The Oak in Natural History, History and Literature

Course summary

  • Sat 16 Jun 2018
  • 9:45am-5:00pm
  • Rewley House, 1 Wellington Square, Oxford, Oxfordshire OX1 2JA
  • From £66.50
  • Course code O17P207BIJ
  • 01865270368
  • Applications being accepted

The Oak in Natural History, History and Literature


The oak is the most well-known of Britain’s native trees and the chosen symbol of the National Trust.

To the British the term ‘Hearts of Oak’ is steeped in the way oak products helped to shape the nation.

This multidisciplinary day school will start with an illustrated lecture on the place of oak in legend and in the history of Britain. No other tree has more references to great events, royalty and even daring outlaws.

Many people are unaware that we have two, very similar, native species of oak in Britain. The natural history session (profusely illustrated) will explain how to tell the two apart and look at the wide range of birds, insects, flowers, fungi and lichens associated with the oaks and their woodlands. Many species are only found on oak while others are part of the intricate habitat that is oak woodland.

The management of oak woodlands is part of our woodland heritage and the many uses of oak are an integral part of our history. The supposed shortage of oak led to the setting up of the plantation movement and the deliberate planting of new woodlands. The lecture on the uses of oak will be wide ranging; from cathedral roofs to barrels, from wheel spokes and wooden warships to charcoal and not forgetting the tanning industry and its dependence on oak bark.

The final session will look at the way the oak has been portrayed in literature. From Shakespeare’s Burnam Wood to G. K. Chesterton and Ted Hughes – the oak is a favourite subject.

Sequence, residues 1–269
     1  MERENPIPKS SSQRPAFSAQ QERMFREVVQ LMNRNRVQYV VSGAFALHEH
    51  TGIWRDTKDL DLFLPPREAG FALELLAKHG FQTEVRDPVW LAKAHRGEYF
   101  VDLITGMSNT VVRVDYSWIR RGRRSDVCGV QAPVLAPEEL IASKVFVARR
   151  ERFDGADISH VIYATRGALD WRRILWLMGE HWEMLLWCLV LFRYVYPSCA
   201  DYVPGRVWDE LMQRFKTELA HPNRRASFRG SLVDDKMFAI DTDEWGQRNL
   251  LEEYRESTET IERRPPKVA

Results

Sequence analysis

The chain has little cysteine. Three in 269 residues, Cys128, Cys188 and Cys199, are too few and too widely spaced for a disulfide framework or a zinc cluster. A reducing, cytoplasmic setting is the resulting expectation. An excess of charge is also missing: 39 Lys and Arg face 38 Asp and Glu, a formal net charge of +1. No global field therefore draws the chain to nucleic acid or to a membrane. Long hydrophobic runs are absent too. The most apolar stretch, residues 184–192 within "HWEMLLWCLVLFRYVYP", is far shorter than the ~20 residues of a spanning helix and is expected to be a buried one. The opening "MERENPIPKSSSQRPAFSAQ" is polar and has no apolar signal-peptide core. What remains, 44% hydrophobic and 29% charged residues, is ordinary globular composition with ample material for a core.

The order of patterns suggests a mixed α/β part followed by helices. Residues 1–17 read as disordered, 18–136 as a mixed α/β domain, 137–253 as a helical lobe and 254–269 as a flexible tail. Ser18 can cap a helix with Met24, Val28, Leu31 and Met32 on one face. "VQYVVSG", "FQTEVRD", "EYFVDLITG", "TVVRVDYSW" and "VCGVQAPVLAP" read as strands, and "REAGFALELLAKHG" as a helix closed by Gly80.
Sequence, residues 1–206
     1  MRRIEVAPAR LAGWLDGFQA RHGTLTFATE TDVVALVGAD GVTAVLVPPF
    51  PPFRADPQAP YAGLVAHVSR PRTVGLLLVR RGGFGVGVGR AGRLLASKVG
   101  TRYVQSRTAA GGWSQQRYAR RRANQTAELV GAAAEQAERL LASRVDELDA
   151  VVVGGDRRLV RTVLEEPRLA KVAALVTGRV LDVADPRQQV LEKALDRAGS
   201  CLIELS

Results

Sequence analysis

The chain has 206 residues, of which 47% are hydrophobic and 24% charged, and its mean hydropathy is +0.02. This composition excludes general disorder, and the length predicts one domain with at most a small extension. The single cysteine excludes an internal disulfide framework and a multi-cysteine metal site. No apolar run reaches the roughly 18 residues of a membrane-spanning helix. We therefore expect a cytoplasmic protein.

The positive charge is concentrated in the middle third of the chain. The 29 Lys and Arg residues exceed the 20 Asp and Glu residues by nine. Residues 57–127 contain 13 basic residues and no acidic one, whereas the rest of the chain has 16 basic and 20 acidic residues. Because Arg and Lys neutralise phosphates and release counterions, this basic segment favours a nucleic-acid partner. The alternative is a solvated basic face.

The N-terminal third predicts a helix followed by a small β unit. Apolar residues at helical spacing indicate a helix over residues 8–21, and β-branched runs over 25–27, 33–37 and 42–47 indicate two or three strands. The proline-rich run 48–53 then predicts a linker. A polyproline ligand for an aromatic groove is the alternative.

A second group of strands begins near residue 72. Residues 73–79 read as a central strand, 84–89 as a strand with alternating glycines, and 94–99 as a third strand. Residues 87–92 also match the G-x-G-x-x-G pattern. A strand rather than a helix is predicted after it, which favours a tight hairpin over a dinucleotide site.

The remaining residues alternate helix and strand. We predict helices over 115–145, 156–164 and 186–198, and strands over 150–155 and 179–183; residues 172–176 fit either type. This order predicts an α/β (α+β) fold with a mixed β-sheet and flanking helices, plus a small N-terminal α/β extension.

Class members are asked to bring a copy of their favourite poem/ prose extract to share with the group – note this is voluntary, no one has to read if they don’t want to!

Programme details

9.45am Registration

10.00am The oak in history and legend

11.15am Coffee / Tea

11.45am The natural history of oak and its woodlands

1.00pm Lunch

2.00pm The uses of oak

3.15pm Tea / Coffee

3.45pm The oak in poetry and prose

5.00pm Course disperses

Recommended reading

Hemery, G. and S. Simblet, The New Sylva Bloomsbury 2014

Tyler, M., British Oaks – A Concise Guide Crowood 2008


Accommodation is often available in Rewley House for those who wish to stay on the night before a course. Please contact our Residential Centre on 01865 270362 for details of availability and prices.


Tuition Fee (includes Tea/Coffee): £66.50
Baguette Lunch: £4.70
Full Lunch: £13.50


If you are in receipt of a state benefit you may be eligible for a reduction of 50% of tuition fees.

If you do not qualify for the concessionary fee but are experiencing financial hardship, you may still be eligible for financial assistance.

Concessionary fees for short courses


Dr Patrick Harding


After seven years of teaching evolution and ecology to undergraduates, Patrick Harding spent 20 years organising the science Continuing Education programme at Sheffield University. Free-lance since 1996, he has written eight books on topics such as Christmas fungi, flowers and trees, led study tours to Turkey, Finland, Slovenia and the Canaries, and taught at centres throughout Britain. He appears regularly on television, and lectures to a wide range of societies. Patrick is a professional botanist and a keen amateur gardener.

Dr Thomas Hesselberg

Director of Studies

Dr Thomas Hesselberg’s research focuses on behavioural ecology and comparative biomechanics of invertebrates primarily using spiders and their webs as model organisms. In particular, he is interested in how behavioural plasticity has evolved to cope with the constraints imposed by a relatively limited brain capacity and with the biomechanical constraints imposed by morphological and external environmental factors as well as silk material properties.


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